Portland’s Japanese Garden

I’m fond of a foggy morning with foghorns sounding in the distance, but we had nearly two weeks of solid fog here, whole days living in the clouds. Luckily, Leslie had made plans to visit Mary in Portland, which has been basking in sunshine while we were fogged in. Since we didn’t have definite plans, we agreed it was a good time to visit Portland’s famous Japanese Garden. As it turned out, it wasn’t just a good time; it was a perfect time.

We were greeted by this beautiful Japanese maple at the garden entrance,

Japanese maple

and didn’t have to walk very far before we were greeted by several photographers all trying to capture this view.

Japanese Garden

I’m not sure it’s possible, but if I were by myself I’d be tempted to bring a tripod and shoot HDR in an attempt to capture as much of the color as possible.

The birder in me couldn’t resist this shot, though the scene was backlit and it took a while to draw out some of the background colors without losing all the detail in the cranes.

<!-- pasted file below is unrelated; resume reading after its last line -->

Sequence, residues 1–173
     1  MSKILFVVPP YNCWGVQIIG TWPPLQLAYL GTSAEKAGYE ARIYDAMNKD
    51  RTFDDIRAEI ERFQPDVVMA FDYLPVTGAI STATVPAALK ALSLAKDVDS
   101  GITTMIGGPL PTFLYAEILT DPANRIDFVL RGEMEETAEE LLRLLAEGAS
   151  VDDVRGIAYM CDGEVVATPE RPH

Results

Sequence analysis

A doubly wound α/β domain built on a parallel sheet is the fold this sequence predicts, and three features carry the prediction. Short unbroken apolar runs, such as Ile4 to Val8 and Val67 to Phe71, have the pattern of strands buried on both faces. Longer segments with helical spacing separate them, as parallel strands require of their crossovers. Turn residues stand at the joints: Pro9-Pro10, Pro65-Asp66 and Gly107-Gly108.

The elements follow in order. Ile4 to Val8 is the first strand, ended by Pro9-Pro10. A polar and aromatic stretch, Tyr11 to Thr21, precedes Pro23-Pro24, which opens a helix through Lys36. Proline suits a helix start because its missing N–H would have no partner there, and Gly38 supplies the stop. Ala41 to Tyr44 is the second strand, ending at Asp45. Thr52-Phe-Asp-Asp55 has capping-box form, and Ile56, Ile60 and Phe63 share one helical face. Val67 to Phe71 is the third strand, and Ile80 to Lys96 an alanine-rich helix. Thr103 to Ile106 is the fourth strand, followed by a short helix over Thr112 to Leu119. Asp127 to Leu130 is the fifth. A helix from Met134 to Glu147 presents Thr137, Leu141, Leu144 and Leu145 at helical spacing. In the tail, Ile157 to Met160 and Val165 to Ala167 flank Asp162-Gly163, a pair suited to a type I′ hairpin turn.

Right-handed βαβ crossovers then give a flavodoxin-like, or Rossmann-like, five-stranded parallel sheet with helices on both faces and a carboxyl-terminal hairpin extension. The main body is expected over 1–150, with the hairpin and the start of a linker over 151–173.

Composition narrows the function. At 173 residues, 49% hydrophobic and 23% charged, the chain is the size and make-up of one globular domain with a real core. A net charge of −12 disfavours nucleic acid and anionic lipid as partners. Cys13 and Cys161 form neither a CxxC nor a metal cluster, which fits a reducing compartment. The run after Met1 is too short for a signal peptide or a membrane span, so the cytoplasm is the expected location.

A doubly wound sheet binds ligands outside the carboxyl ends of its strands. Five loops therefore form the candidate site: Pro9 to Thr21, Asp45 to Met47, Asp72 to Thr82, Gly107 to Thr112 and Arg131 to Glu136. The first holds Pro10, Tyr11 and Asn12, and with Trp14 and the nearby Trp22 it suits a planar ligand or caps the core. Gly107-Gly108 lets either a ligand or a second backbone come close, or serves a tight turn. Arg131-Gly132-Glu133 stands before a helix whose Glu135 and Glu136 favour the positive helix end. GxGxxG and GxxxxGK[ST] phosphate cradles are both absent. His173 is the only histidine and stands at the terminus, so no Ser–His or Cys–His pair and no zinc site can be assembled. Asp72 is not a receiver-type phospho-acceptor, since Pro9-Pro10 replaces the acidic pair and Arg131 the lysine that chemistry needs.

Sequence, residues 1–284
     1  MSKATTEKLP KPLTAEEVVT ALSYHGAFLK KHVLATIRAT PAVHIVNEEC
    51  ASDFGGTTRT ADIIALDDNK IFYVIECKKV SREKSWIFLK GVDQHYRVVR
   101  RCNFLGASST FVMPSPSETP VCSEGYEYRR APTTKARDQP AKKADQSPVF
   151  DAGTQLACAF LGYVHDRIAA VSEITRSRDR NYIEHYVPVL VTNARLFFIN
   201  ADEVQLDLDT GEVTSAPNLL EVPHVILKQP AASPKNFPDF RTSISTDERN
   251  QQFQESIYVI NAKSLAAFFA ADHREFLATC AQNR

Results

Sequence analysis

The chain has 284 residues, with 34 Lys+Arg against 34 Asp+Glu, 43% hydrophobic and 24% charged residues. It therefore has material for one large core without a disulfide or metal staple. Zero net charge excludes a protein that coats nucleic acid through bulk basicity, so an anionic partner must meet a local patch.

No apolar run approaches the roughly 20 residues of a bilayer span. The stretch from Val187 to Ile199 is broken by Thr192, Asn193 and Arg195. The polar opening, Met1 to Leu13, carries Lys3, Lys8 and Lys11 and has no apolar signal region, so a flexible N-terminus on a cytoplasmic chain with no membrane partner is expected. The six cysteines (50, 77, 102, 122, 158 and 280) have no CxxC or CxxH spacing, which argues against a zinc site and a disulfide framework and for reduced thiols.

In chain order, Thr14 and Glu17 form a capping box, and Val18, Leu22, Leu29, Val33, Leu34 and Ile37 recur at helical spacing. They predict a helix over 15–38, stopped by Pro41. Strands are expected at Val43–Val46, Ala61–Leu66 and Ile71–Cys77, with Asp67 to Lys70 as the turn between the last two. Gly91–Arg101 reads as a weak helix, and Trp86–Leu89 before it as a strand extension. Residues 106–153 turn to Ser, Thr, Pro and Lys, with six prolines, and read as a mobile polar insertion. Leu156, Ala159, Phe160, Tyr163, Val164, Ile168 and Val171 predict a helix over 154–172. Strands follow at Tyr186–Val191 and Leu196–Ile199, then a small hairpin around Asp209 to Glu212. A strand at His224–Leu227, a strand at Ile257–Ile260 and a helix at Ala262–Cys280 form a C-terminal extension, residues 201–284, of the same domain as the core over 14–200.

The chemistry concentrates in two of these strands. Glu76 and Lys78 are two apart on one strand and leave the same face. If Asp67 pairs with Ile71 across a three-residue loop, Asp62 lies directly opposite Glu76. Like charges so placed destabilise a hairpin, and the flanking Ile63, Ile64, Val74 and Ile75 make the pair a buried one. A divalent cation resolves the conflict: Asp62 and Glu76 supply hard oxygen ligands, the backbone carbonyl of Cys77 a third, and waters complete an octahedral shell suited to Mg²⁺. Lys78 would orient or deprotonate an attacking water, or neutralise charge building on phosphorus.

Crane Statues

Fall color was definitely the highlight of this visit, but I still love the Japanese Sand and Stone garden, no matter what the season.

 Japanese Sand and Stone garden

Sometimes, though, you can have the best of both worlds

Flat Garden

as here in the Flat Garden.

I suspect if I lived in one of the nearby apartments I might never read another book, especially if Larry Tyrrell was playing his flute in the background as he was during one of our visits.

3 thoughts on “Portland’s Japanese Garden

  1. I wrote for a while on garden design and these calm and beautiful gardens are the hardest to create. Not so much the cloud shapes and brilliant acers, but the zen rock gardens with their raked ‘rivers’ or ‘oceans’ of gravel or sand are all about proportion and perspective.

    Lovely images.

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